I put this off for a long time, Chris is since well recovered, but i think it needs to go on the record. My apologies if you have read/heard this story before. The exact time frame for this blog was about June of this year
We call it helter skelter – when you shake up a bee hive or throw a snake in a room, or have a patient roll their eyes as they struggle for their last breath. Some are premeditated, but others are purely a result of sheer negligence, bordering on incompetence. This was the scene at Nsambya Hospital’s St. Gonzaga ward – as 25yr old chris mpanga suddenly suffered a bout of piercing pain in his chest.
He is admitted for the 3rd time this year, second time in this ward, no wonder a few of the nurses call him by name. This particular day, might be the last to say his name.
Chris suffered a fracture in his femur, after a boda boda RTA (Road Traffic Accident). 2 months later, he is making progress on the fracture, and has mastered the use of clutches. But this is not why Chris is re-admitted. Chris is just over 100Kg in body weight, and for the whole first month of recovery from the accident he will be at risk of Pulmonary Embolism – a condition where blood clots develop in the blood vessels, and if not treated, could end up flowing into the heart and/or lungs.
As healthy as he looks, his “silent killer” condition could result in sudden death.
Pulmonary Embolism is feared in almost all cases of RTAs where there is a significant amount of bleeding (internal), and/or deep or large open wounds. It’s advisable that victims be placed on Clexane – or any drug that thins blood, just enough to disintegrate any clots. However, Clexane may not be administered without regular follow up – and as such, all patients under this treatment have to undergo a regular (as regular as every half hour, in extreme cases) INR test, which tells medical practitioners whether or not there is too much thinning happening to the blood, otherwise it (blood) would lose the ability to perform its normal functions. Too little Clexane, would not be effective against the clots, and as such a fatal embolism could find its way to the heart and lungs.
For Chris, his 3rd admission is a result of wrongly prescribed Clenaxe medication. Granted, he is over-weight for his height, but he has taken varying dosage of this medication, from as low as 40mg to as high as 120mg. With every admission, there is a sad realization, that he was “under-dosed the last time”.
The nurses attending to Chris are not allowed to have any say, until a doctor does, and sure indeed, the last 3 doctors have given varying conclusions on his state, one even signing for his discharge! Every re-admission has been preceded with sharp pains in the chest cavity, sustained pains with every deep breath, not to mention a Doppler test that confirmed 3 large clots in his left lower limb (had a deep open wound following the accident).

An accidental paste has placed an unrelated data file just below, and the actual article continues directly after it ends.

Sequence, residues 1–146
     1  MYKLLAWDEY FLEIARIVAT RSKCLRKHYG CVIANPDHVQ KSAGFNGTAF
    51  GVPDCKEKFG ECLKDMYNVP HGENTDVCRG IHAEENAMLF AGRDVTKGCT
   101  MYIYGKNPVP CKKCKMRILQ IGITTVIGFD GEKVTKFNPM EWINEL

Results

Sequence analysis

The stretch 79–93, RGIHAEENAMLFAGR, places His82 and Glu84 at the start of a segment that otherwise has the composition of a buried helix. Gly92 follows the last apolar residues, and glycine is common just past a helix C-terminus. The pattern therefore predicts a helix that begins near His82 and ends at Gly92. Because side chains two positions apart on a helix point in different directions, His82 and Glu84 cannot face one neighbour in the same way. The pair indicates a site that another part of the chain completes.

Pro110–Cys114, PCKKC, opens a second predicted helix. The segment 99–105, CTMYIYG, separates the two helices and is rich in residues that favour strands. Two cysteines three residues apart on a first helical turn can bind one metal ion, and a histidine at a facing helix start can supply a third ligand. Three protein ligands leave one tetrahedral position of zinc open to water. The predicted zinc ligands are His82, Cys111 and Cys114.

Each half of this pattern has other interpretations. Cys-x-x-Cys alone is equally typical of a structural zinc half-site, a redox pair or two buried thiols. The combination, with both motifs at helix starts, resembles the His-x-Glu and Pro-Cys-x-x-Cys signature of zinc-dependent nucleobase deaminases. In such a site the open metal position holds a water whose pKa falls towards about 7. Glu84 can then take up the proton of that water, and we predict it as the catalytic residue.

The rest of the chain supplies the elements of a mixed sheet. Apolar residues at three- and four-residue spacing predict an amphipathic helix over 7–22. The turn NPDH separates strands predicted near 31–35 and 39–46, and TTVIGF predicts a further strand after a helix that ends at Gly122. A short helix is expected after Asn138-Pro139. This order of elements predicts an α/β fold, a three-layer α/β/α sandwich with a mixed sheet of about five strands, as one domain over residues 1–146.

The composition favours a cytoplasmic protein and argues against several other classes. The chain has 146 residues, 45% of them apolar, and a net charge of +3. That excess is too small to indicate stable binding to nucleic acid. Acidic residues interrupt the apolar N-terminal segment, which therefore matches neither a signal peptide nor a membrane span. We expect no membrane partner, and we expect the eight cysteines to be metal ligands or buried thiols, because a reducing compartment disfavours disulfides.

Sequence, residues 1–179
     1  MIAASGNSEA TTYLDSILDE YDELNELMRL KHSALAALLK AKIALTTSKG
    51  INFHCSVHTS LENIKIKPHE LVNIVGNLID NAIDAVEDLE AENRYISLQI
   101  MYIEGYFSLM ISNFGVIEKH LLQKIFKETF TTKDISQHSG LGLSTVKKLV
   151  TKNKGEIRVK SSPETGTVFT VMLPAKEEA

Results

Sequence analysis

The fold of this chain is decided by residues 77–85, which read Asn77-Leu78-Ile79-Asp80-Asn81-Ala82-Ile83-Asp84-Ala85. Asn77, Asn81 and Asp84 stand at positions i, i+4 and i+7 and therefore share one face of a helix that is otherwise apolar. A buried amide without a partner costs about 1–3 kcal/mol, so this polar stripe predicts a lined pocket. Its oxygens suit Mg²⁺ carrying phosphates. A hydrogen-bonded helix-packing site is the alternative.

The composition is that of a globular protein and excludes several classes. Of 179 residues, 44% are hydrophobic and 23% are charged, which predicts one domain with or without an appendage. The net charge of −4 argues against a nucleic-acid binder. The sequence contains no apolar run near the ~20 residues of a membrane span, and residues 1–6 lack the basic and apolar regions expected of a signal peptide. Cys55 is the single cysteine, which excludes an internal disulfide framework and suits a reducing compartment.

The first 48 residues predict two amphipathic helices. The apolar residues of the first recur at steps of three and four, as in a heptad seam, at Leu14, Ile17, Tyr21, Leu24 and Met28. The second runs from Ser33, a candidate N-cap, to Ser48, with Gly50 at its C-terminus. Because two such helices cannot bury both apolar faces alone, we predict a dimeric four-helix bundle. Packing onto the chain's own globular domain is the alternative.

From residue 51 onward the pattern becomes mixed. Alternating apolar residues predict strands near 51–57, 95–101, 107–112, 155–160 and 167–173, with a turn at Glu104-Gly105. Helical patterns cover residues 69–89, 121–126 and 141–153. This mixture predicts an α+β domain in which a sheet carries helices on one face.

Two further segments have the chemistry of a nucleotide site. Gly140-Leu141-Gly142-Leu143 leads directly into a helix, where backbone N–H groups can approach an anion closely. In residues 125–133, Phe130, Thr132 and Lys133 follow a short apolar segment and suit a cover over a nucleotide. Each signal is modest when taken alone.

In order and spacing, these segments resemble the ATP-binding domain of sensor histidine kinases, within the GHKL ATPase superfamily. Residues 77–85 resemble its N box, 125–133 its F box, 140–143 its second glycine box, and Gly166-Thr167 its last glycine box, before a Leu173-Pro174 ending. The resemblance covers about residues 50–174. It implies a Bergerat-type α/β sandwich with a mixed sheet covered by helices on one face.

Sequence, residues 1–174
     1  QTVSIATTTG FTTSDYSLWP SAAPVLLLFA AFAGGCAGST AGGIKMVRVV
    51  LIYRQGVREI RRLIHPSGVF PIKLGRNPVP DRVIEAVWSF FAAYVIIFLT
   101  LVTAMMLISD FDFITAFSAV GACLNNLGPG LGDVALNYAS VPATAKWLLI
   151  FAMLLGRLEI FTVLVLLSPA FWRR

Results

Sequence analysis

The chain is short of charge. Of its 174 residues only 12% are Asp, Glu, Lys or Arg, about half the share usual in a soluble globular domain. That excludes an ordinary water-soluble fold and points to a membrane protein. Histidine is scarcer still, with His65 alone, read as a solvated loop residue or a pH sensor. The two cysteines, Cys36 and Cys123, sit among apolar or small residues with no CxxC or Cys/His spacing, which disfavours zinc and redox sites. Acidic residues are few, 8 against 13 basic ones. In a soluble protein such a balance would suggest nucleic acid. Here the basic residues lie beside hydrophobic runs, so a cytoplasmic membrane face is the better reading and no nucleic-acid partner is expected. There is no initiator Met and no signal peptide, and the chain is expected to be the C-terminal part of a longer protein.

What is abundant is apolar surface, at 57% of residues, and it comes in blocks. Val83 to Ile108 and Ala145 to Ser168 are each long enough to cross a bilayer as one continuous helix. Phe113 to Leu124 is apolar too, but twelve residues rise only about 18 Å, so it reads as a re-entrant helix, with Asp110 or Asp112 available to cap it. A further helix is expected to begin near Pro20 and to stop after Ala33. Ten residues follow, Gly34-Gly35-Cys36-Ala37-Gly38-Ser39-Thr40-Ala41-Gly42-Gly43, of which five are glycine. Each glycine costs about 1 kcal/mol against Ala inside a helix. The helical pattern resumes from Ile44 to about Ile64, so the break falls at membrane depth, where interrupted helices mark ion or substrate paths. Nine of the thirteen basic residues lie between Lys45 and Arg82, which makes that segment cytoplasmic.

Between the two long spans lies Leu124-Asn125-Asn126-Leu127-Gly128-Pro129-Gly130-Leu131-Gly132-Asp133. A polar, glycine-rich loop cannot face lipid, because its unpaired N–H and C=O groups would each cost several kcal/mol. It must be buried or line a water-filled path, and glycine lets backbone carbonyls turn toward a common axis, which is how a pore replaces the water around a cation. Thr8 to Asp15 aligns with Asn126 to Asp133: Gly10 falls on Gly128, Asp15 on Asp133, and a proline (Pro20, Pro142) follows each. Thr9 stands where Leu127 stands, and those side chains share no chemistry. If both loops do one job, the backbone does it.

This time however, Chris cant get his INR test – a worth of 12,000 UGX- because he got re-admitted at short notice (death, as a result of PE doesn’t give much notice, does it?). To think that a nurse would idly sit by, with a patient on Clexane, but with no INR test for 3 hours, as she awaits a Doctor on ward rounds to tell her what to do – is, at the very least, disturbing. After making the nurse on duty see the folly in a re-admitted patient failing to get a regular observation test over a prepaid bill that is less than 10% what we paid the last time we got wrongly discharged, I asked her, what information the almighty Doctor would use when he finally arrived, other than the usual.
Ofcourse, we both responded with a cold rhetoric stare.
Whereas surgery for Chris was successful, and whereas subsequent tests were informing, its surprising to note that there was not enough follow up in terms of treatment given and neither was there adequate dosage of any follow up medications he might need.
Of course these symptoms were more visible when Chris was still Bed-ridden, but as he got better, and started to walk on clutches, and get more angles on his lower limb joints, he has gotten better. Its a very painful realization to think that had we not been vigilant on re-admitting him, Chris might not be here with us today. He simply refused to give up, as did so many people in the family, who decided to go against all odds, to make sure Chris would get the right attention whenever he needed it.
I wonder, what that nurse would have said, had Chris succumbed to PE – that she was waiting for the doctor’s instructions? Then what would the doctor say – that had not arrived for duty? What would the hospital say? That the family failed to raise 12000UGX? Really, for a patient re-admitted because he was, admittedly, wrongly discharged twice?
Chris is a dear brother to me, and we are thankful to his surgeon, Dr. Okello, who demonstrably went out of his way to give him a good chance at recovery. Chris is since fully recovered, even dropped his clutches, retains a slight limp in his step.